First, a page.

One of the world’s most endangered species took a small step away from oblivion over the past year, as the wild population of Devil’s Hole pupfish nearly tripled and researchers made strides on a captive-breeding program.
But with fewer than 100 of the tiny fish left in the only known habitat on Earth — a single water-filled cavern in Nye County, about 90 miles west of Las Vegas — no one is popping champagne just yet.
Extinction remains a very real possibility for the pupfish, which has been under federal protection since 1967.
The official spring count, conducted last month, showed 92 fish. In September there were 65, and in April 2013 there were 35, the lowest total since regular counting began more than 40 years ago.
Experts can’t explain the sudden population spike with any certainty, but man-made improvements to the pupfish diet and habitat could have something to do with it.
The fussed-over fish now receive supplementary feedings five days a week, and they have some new places to hide thanks to the addition of artificial “plants” made from sterilized shag carpet and clumps of yarn. The additions provide cover for young fish and eggs that might otherwise fall prey to the adults.
Meanwhile, less than a mile away from Devil’s Hole, researchers at the new $4.5 million Ash Meadows Fish Conservation Facility are trying to establish a viable, captive-bred population for the first time.
Using just a few dozen eggs painstakingly collected from Devil’s Hole, aquaculturalist Olin Feuerbacher and his team have successfully hatched and raised 29 pupfish to adulthood. By as early as next week, they hope to begin hatching a second generation of captive-raised fish from their original crop of eight females and 12 males, now six months old.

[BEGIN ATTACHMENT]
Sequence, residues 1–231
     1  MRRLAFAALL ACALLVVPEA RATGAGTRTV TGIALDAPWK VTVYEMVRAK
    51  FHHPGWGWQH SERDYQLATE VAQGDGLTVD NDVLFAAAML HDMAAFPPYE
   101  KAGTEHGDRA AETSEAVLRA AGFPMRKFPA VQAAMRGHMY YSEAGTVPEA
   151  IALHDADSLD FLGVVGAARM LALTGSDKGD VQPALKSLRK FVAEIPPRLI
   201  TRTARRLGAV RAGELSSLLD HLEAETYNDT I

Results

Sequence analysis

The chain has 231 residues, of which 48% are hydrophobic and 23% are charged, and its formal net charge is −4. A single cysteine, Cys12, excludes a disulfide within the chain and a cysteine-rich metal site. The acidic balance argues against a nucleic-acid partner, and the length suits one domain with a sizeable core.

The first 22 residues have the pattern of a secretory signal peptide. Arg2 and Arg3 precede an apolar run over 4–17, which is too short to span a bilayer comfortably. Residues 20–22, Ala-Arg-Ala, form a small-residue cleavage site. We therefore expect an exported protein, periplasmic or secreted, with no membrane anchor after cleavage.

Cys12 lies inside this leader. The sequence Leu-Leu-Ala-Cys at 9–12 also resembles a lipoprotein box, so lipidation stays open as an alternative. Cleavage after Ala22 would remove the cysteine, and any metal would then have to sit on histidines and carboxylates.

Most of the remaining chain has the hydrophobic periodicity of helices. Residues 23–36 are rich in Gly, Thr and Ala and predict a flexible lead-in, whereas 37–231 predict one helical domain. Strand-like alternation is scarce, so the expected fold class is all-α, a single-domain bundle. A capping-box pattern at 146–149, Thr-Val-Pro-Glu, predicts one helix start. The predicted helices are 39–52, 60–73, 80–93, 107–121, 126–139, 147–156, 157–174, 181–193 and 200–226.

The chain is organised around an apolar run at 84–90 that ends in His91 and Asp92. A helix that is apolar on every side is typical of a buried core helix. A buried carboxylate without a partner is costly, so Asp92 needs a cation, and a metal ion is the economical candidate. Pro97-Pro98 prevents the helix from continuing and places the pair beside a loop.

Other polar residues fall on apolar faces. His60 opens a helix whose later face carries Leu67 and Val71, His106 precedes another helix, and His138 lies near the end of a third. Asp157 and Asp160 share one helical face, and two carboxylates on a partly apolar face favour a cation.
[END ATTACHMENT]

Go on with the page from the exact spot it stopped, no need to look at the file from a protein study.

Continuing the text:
“We’re actually seeing quite a bit of spawning activity,” Feuerbacher said.
Since people started paying attention to the fish, there have never been very many of them. The population peaked at 544 in the fall of 1990 but began to decline in 1996 for reasons researchers still can’t explain.
Today the species is studied and monitored relentlessly by a team of protectors that includes the National Park Service, U.S. Fish & Wildlife Service and Nevada Department of Wildlife. Devil’s Hole is guarded by chain-linked fence, barbed wire and a sophisticated security system that provides 24-hour video surveillance. The cameras and alarms are linked to the outside world by a microwave dish on a tower above the spring-fed cavern, which is widely considered the world’s smallest habitat for a vertebrate species.
Water in the hole is thermally heated to about 93 degrees and carries barely enough dissolved oxygen to support life. At the surface, the pool is about 8 feet wide and 60 feet long, but the cavern angles down into the groundwater table to an undetermined depth. Divers have been as deep as 435 feet without finding the bottom.
Pupfish are known to go as far down as 100 feet, but they spend most of their time on the shelf near the surface, which brings another strange phenomenon into play: Distant earthquakes, some as much as 1,700 miles away, occasionally cause water in the pool to slosh back and forth, dislodging algae and disrupting the pupfish’s natural food supply.
One such “desert tsunami” was caught on camera in 2012. It happened again in March, when an earthquake struck off the California coast, and then in mid-April, when a powerful quake rocked southern Mexico.
Luckily, Feuerbacher said, the quakes came at a time of year when the pool receives enough direct sunlight to fuel new algae growth.
Starting later this month, the team at the research facility plans to move the first pupfish into an exact replica of Devil’s Hole, which was built inside a semi-open structure designed to provide the same seasonal variations in sunlight and weather. The goal is to establish a self-sustaining, back-up population in the 100,000-gallon tank filled with water pumped from the same aquifer that fills Devil’s Hole.
At the moment, though, Feuerbacher’s biggest challenge is keeping his eggs and newly hatched fish larvae from being cannibalized, a common behavior both in aquariums and the wild.
“Generally speaking, most fish have pretty terrible parenting skills” and Devil’s Hole pupfish are no different, he said. “I don’t think they know they’re endangered.”
Contact Henry Brean at firstname.lastname@example.org or 702-383-0350. Find him on Twitter: @RefriedBrean.